Animated Tales of the World

TV review by
KJ Dell Antonia, Common Sense Media
Animated Tales of the World TV Poster Image
Global folk tales, some fabulous, others less so.

Parents say

age 17+
Based on 1 review

Kids say

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A lot or a little?

The parents' guide to what's in this TV show.

Positive Messages

These are folk tales -- everyone isn't always nice to one another, but the wicked, greedy, boorish, or otherwise unpleasant pay or repent in the end.

Violence & Scariness

Mild fairy tale/cartoon violence: guards bopping each other over the head, dragging away princes who fail in their quests.

Sexy Stuff
Language
Consumerism
Drinking, Drugs & Smoking

What parents need to know

Parents need to know that these folk tales haven't been sanitized or modernized. If the daughter kills her wicked father in the folk tale, he'll die in a hail of brimstone here, too. And if the story revolved around the importance of salt to meat, this story will as well, with no additional explanation for kids who've never gone without a refrigerator. Many folk tales are violent, and some of these are as well, with brothers hitting brothers and kings threatening death to any who thwart them. But you can rest assured that the wicked will get their comeuppance.

User Reviews

  • Parents say
  • Kids say
Adult Written byXNoble_RoyaltyX January 21, 2009

Wonderful, Wonderful Story...

As I type this, I am looking at the icon of "Jack" from the "green man" tale.. and I must say I cannot give this show enough stars. The wat... Continue reading

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What's the story?

ANIMATED TALES OF THE WORLD is a collection of folk tales from many countries and cultures, animated and voiced with the intent of staying true to their place of origin. Every episode looks different, with animation styles that range from puppetry to claymation to rough sketches. Some have two stories in half an hour, others one; some are narrated. These are classic stories -- the seven original folk plots that lie at the root of a large part of human experience and the way we choose to talk about it.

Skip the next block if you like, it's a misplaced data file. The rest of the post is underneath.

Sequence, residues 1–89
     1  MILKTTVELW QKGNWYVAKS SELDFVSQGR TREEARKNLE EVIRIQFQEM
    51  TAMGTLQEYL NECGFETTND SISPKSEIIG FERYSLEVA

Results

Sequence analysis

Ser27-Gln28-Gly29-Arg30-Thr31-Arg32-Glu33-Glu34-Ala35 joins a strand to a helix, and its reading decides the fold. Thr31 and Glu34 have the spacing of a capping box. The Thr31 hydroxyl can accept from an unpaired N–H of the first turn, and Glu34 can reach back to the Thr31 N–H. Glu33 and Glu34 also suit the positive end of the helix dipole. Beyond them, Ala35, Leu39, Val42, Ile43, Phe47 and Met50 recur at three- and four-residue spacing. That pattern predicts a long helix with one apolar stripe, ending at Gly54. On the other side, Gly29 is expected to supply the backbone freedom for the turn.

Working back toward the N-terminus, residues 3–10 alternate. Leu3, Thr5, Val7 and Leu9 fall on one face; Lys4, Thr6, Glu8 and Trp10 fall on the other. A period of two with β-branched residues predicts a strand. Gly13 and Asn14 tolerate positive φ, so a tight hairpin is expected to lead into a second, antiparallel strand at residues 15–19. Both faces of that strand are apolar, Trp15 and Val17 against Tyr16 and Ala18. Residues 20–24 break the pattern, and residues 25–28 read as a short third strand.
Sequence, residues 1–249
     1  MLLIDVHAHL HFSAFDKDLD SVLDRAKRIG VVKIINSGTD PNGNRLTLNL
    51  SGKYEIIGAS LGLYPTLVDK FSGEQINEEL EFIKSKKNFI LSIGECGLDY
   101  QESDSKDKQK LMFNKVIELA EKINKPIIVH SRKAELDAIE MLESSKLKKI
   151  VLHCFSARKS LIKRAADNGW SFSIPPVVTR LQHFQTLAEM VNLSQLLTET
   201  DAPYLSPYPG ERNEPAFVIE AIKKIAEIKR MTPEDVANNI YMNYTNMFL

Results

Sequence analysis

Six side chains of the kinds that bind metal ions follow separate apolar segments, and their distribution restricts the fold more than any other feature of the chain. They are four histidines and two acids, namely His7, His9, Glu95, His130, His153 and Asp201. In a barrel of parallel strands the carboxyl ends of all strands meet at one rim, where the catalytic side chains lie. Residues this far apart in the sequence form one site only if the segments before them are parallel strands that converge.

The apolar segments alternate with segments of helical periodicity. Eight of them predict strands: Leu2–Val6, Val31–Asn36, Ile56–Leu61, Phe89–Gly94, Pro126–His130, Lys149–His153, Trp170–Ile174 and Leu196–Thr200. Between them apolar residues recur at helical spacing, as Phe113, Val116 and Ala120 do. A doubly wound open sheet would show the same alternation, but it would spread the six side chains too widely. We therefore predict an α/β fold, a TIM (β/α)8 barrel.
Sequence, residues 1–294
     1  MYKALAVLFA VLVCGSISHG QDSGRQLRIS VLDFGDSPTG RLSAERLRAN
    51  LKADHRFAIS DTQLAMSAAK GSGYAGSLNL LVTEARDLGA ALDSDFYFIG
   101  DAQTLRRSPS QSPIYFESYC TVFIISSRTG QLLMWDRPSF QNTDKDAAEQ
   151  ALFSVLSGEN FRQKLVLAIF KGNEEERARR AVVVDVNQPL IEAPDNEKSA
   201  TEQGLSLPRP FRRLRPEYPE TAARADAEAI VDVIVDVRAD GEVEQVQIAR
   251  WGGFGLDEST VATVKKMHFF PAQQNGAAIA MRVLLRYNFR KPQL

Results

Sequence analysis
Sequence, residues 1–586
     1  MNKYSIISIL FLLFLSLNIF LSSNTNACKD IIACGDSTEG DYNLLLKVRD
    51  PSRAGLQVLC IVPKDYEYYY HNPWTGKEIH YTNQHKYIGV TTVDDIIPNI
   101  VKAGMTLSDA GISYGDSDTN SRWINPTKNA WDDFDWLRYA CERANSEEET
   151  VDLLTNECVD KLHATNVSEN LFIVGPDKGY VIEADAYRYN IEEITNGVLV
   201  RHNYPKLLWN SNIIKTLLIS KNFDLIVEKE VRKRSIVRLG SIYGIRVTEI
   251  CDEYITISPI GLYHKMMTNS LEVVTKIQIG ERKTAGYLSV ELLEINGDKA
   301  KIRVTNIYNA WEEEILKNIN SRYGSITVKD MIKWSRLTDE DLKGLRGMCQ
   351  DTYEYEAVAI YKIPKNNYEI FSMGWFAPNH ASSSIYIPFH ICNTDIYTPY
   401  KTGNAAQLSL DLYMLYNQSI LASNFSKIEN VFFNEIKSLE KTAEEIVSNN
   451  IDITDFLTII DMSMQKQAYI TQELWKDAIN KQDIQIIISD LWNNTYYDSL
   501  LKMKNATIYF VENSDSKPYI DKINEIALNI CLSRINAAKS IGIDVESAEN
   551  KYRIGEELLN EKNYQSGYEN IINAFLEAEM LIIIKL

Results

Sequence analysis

Is it any good?

While the quality of the episodes can be erratic, every show is a small glimpse into the history of another culture, and because unfamiliar elements aren't washed away or overly explained, a parent watching with a child will have a lot to talk about. This variety offers something new to kids who are used to joining a familiar narrative every time they turn on the television.

These small tales are challenging and invite more thought and more interaction, but they're often violent and certainly not politically correct. The kings are nearly always kings, the goal is to marry the princess or win the bag of gold, and the servants live belowstairs and the master above. But these are straightforward stories haven't been jazzed up with explosions or clever repartee and fart jokes to grab kids' attention, and yet they still do. That alone makes them worth watching.

Talk to your kids about ...

  • Families can talk about the traditional fairy tale themes and why they're often the same in every culture -- the Cinderella story, the boy who goes off to seek his fortune, the king passing on his kingdom or refusing to let it go. Can kids spot these same themes in modern movies, books, and cartoons as well? Can they think of different versions of the same story that they've heard over time? Because each story is presented within its own culture, some offer a chance to discuss things more commonly found in other cultures, like Holland's windmills.

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